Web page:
The land upon which the Isle of Harris Distillery now sits once had a very different purpose.
At one time the seas of East Loch Tarbert were much closer to its neighbouring loch to the west. So close that Vikings could pull their ships across the land instead of sailing the longer route south.
In fact, this is where our village of Tarbert gets its name, Tairbeart, from the old Norse words meaning “draw boat”.
This narrow isthmus of land remained unchanged for centuries until a land reclamation project took place in 2003, filling in the rocky inner shores for commercial development.
Despite initial plans for a Harris Tweed Centre which never came to fruition, the land remained empty until the distillery got permission to build there, beginning in 2014.
One man involved in this land reclamation work was one of our very own Hearach distillers, Norman Ian Mackay.
Hailing from the west coast village of Luskentyre, Norman Ian has been distilling Isle of Harris Gin, mashing barley for our single malt whisky ‘The Hearach’, and working with casks for its maturation since 2017.
"I left Harris in 1996 after finishing school and went to study in Glasgow where I lived and worked for 15 years. In 2003 I returned home briefly and worked at the quarry which provided the bedrock for the site the distillery rests on today."
"…my real dream was always to return to Harris someday to raise a family in the same unspoiled surroundings I enjoyed as a child. Little did I know that 13 years later I would be working in Harris’ first legal distillery right there on that very spot."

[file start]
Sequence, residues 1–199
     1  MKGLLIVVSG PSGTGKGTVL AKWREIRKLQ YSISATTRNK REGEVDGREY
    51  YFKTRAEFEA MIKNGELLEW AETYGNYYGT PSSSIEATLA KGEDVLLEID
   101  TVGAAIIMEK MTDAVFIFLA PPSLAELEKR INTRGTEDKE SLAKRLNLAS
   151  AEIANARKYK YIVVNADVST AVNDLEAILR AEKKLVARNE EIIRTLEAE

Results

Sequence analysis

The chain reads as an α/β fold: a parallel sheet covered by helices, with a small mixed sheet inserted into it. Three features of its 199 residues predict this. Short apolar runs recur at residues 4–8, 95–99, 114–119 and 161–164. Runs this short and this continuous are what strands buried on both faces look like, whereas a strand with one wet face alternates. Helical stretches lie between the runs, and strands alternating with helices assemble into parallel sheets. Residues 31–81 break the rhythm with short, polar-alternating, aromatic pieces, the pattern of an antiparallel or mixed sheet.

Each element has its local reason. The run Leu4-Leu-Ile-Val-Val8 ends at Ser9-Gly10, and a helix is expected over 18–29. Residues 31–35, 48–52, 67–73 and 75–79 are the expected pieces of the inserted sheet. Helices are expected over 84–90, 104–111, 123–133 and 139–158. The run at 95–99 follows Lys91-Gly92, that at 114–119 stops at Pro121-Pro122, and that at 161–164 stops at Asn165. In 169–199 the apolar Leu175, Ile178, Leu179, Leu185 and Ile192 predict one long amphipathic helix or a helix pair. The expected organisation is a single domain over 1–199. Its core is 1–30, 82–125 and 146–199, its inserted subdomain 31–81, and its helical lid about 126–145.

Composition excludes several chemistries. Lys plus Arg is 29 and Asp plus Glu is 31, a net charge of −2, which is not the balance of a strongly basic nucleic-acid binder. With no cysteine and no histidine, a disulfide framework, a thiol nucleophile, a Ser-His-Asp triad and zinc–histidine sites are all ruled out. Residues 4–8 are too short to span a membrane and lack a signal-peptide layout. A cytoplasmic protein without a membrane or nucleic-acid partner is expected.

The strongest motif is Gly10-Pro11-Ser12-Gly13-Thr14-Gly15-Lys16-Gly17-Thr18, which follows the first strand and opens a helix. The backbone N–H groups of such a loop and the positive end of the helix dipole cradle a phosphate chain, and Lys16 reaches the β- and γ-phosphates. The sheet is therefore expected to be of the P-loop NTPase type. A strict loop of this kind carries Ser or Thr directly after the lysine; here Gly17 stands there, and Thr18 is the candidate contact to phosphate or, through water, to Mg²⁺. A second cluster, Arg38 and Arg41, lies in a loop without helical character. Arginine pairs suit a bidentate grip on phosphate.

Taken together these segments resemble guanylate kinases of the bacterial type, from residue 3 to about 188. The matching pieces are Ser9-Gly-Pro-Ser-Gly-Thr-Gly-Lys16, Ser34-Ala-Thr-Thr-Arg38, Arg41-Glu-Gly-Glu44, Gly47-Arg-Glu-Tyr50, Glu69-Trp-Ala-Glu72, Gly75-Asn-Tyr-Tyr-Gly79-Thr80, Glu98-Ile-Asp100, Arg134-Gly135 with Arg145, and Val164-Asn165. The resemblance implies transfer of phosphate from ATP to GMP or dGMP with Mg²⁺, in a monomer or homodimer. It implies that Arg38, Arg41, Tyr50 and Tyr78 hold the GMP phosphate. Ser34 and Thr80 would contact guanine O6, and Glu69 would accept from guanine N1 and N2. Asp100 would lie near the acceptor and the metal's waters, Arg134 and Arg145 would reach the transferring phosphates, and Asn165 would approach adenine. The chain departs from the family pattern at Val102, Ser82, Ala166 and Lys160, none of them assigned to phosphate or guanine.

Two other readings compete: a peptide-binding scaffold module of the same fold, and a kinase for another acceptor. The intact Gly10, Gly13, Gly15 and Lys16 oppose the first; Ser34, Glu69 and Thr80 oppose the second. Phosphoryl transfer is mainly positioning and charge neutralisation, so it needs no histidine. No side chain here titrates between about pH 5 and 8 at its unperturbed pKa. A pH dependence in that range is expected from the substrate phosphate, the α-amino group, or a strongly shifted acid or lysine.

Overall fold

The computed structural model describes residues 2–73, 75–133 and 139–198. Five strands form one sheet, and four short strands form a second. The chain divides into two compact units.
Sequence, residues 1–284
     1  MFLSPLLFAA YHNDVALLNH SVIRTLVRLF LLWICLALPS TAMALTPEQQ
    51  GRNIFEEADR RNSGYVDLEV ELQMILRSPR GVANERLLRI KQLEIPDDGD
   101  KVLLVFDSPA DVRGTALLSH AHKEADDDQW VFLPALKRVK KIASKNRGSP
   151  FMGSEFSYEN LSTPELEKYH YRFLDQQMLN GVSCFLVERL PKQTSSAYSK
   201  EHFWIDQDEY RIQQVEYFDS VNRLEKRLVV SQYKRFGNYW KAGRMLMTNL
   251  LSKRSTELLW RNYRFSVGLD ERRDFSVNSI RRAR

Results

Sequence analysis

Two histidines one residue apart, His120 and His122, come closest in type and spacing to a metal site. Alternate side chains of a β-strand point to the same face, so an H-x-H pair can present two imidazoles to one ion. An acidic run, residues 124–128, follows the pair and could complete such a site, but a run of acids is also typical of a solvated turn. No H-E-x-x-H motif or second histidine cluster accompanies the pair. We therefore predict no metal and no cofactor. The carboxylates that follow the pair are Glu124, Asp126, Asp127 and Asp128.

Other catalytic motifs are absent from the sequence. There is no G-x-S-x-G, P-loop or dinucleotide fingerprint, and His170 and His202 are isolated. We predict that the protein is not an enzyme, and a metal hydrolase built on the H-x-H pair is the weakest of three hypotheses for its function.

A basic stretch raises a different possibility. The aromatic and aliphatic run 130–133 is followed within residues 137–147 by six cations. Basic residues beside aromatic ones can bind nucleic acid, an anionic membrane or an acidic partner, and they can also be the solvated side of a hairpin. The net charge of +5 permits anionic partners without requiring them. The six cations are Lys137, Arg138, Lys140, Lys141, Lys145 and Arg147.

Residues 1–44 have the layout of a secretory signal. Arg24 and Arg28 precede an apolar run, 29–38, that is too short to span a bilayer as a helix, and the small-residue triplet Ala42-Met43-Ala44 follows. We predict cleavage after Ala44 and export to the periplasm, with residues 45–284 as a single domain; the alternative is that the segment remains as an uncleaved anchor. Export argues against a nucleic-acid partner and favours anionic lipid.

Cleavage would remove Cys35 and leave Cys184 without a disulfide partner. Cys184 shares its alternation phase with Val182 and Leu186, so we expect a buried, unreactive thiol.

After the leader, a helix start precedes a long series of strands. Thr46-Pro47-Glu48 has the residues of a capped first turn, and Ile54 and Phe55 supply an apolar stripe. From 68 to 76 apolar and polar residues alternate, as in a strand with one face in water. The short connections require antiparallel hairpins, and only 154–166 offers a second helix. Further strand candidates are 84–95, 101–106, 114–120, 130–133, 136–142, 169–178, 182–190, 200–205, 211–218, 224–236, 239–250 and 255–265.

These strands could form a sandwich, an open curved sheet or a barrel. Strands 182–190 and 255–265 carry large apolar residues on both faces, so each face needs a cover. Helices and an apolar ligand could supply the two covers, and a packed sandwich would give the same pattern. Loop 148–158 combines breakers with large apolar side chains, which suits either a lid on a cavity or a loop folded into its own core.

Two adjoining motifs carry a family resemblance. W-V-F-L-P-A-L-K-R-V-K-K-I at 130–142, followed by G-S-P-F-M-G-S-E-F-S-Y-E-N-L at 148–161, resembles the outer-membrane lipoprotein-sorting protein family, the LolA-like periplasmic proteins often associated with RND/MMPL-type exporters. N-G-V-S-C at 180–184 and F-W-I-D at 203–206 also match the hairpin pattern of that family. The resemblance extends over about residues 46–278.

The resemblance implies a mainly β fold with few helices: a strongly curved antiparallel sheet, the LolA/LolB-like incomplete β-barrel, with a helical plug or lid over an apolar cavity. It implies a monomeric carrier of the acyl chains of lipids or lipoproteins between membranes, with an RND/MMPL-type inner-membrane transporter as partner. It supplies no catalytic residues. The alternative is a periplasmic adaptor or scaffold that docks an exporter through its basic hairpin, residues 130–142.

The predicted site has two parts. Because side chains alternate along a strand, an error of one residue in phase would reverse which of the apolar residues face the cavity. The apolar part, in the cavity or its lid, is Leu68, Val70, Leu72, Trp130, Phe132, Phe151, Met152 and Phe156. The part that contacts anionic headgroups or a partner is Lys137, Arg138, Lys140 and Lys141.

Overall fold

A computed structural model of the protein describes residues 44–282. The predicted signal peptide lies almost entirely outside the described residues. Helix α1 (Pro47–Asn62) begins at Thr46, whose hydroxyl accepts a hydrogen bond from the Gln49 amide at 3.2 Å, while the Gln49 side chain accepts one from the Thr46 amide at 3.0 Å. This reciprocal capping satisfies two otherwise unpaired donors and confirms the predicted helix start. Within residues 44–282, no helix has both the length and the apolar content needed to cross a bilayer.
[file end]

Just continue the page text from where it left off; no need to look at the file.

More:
Like all of our local team, Norman Ian had never made a drop of spirit before joining our group of home-grown distillers.
He explains a little about his working life…
"Being a distiller in our small distillery is different from larger places where you usually perform one role. Here we are lucky to share the many and varied tasks that are required to create our island spirit."
"One day I could be making Harris Gin, the next I could be working at the mash tun to fill our washbacks for the whisky spirit process. The complexities of the job mean that no day is the same as another."
And when he’s not making beautiful island spirits you can find Norman Ian walking the stunning sands of Luskentyre beach with his family.
"My wife Leona and I are lucky to have three boys under the age of six so life outside of work can be just as busy and varied!"
Now resettled back in his island home it seems his Harris dream has come true.
It’s a dream we hope will continue to become a reality for the many Hearaich wishing to return to their homelands as we continue to create sustainable employment for people like Norman Ian and the generations still to come.